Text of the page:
Hello there Mariners! I thought it was about time I introduced myself on the blog. My name is Paige Schmidt, and I am the Assistant Objects Conservator for the museum’s general collection. While I work in the Batten Conservation Complex alongside the archaeological conservators who dedicate their time to conserving the U.S.S. Monitor, I myself do not work on the Monitor. My job is to conserve and help care for the 18,000 three dimensional artifacts within our impressive collection!
While hands-on treatment of artifacts is a regular part of a conservator’s job, conservation encompasses a whole lot more than just treatment. In addition to assisting with the preventive care of the collection (i.e. avoiding the need for treatment as much as possible by regulating the environment in which artifacts exist), we can also provide insights into the history of an object, help objects tell their stories, and sometimes literally ‘unlock’ their secrets.
Several months ago Collections Manager (and prolific blogger) Jeanne Willoz-Egnor asked the Conservation Department to assist with the investigation of a recently acquired Asprey Despatch Box, dating from 1871-72 (gift of Jonathan Morey in memory of Leonard Morey). You can read Jeanne’s post about the box and its many secrets here:
As noted at the end of Jeanne’s post, one of the box’s many secret compartments remained locked after an exhaustive search for the release mechanism (see photos below of the location of the compartment). There was an interest in opening this compartment because:
1. We wanted to see if any additional information could be found inside.
2. We needed to fully assess the condition of the chest and establish the best storage solutions for its component parts.
3. It’s super cool!
Luckily, x-radiography was an option for us when this question came up earlier in the year, since the humidity was still low enough in the space where the x-ray unit is housed. This particular object, with so many composite parts made of both inorganic and organic materials, would not fare well when exposed to high or rapid fluctuations in humidity (just one of the many things we must think about when considering treatment/storage options). So, Analytical Chemist Dr. Molly McGath and I proceeded to x-ray the box with bated breath to see what we could find, and…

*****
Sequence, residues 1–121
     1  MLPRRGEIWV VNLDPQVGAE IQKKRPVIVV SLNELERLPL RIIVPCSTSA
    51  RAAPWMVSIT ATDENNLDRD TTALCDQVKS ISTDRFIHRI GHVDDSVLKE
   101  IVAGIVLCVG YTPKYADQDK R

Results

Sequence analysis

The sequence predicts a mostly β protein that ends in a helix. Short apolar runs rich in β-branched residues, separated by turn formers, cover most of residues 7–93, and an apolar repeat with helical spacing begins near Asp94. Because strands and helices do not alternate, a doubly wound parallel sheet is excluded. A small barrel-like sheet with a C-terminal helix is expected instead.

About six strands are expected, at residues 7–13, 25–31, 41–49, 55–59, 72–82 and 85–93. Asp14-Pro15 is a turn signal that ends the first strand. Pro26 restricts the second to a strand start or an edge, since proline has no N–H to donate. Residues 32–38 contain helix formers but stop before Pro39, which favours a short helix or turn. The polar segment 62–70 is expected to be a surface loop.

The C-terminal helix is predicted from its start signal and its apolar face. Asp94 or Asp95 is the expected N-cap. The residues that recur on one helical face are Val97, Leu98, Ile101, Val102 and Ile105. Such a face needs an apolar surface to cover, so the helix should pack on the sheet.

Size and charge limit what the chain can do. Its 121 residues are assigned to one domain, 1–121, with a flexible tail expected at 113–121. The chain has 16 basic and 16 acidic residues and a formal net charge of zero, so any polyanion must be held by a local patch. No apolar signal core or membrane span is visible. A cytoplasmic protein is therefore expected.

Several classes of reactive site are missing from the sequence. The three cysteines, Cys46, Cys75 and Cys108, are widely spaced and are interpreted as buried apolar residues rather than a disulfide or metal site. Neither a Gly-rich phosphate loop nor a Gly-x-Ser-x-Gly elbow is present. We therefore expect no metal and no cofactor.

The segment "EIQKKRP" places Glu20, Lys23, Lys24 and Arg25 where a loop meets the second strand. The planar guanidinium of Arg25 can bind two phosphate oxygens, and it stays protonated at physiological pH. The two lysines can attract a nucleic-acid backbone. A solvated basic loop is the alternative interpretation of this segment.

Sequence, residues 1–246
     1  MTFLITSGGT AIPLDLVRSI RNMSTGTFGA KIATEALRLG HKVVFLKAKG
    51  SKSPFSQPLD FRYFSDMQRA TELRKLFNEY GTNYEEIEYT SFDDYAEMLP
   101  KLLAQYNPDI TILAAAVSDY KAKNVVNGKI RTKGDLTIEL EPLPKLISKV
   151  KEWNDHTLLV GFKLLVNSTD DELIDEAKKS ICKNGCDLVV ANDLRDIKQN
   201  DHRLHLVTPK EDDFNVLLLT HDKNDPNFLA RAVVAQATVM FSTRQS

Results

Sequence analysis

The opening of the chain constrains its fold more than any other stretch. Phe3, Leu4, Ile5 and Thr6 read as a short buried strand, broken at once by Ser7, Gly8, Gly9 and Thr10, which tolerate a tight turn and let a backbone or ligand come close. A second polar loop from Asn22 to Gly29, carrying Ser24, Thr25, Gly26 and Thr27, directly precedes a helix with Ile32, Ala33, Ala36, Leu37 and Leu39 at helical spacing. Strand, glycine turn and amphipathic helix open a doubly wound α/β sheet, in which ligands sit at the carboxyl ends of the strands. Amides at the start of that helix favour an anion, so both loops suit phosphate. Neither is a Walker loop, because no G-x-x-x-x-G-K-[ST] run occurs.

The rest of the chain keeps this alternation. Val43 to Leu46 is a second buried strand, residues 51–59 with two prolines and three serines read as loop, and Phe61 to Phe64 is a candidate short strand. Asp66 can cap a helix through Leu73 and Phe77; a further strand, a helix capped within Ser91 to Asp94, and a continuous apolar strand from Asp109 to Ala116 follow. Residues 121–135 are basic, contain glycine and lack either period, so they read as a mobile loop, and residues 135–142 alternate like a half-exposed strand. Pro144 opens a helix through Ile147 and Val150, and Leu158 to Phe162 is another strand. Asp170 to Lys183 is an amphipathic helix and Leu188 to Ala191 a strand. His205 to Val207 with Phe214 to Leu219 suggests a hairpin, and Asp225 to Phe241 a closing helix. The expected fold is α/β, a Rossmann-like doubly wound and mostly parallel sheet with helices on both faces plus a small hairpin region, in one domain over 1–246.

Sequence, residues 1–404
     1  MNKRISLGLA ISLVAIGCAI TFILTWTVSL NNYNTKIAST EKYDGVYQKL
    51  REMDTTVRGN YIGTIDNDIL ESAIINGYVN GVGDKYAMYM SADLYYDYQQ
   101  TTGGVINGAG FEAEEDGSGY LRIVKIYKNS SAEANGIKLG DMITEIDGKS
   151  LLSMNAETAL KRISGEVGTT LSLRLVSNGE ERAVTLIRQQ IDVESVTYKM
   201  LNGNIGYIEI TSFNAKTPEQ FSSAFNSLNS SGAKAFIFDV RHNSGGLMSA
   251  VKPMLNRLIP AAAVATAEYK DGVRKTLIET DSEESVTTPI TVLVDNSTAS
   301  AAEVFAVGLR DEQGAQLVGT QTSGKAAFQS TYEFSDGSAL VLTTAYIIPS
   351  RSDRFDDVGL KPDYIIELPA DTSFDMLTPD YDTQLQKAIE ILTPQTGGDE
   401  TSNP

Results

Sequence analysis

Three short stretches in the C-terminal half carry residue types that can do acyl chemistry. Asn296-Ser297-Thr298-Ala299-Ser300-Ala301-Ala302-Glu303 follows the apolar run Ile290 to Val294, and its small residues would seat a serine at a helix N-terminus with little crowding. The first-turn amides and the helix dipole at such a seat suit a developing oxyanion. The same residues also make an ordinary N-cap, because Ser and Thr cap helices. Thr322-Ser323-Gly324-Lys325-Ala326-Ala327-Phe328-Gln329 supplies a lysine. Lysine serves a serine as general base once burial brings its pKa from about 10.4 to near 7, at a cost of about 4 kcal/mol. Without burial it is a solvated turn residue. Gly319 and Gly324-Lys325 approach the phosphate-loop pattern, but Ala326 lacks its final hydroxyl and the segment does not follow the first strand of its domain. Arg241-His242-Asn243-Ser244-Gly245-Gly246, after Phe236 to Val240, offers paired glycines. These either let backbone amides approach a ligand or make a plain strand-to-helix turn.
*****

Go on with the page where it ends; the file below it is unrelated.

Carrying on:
In addition to imaging the many different previously identified hidden mechanisms within the box, we were able to clearly see the clever system of posts and levers that unlatched the compartment! The mechanism is initiated by pressing through the plate hole on the proper left side of the box (see images below).
The compartment easily popped open when a soft bamboo skewer was used to depress the mechanism, revealing a thoughtfully built little wooden box with a sliding lid. Of course, repeated use of these fragile mechanisms will be kept to a minimum to avoid damage, and this compartment will now be stored separately from the box. The compartment will be covered to help protect it from UV radiation that would alter the deep, rich color of the wood that has been so wonderfully preserved in hiding.
This was a satisfying conclusion to a real head-scratcher for us all. And it is only the tip of the ice-berg in terms of the analysis and ‘extra-eyes’ conservation and conservation science can provide to the assessment of artifacts. I look forward to many more collaborations with our incredible team here at the Mariners’ Museum and Park. One mystery down… infinite possibilities to go. So stay tuned!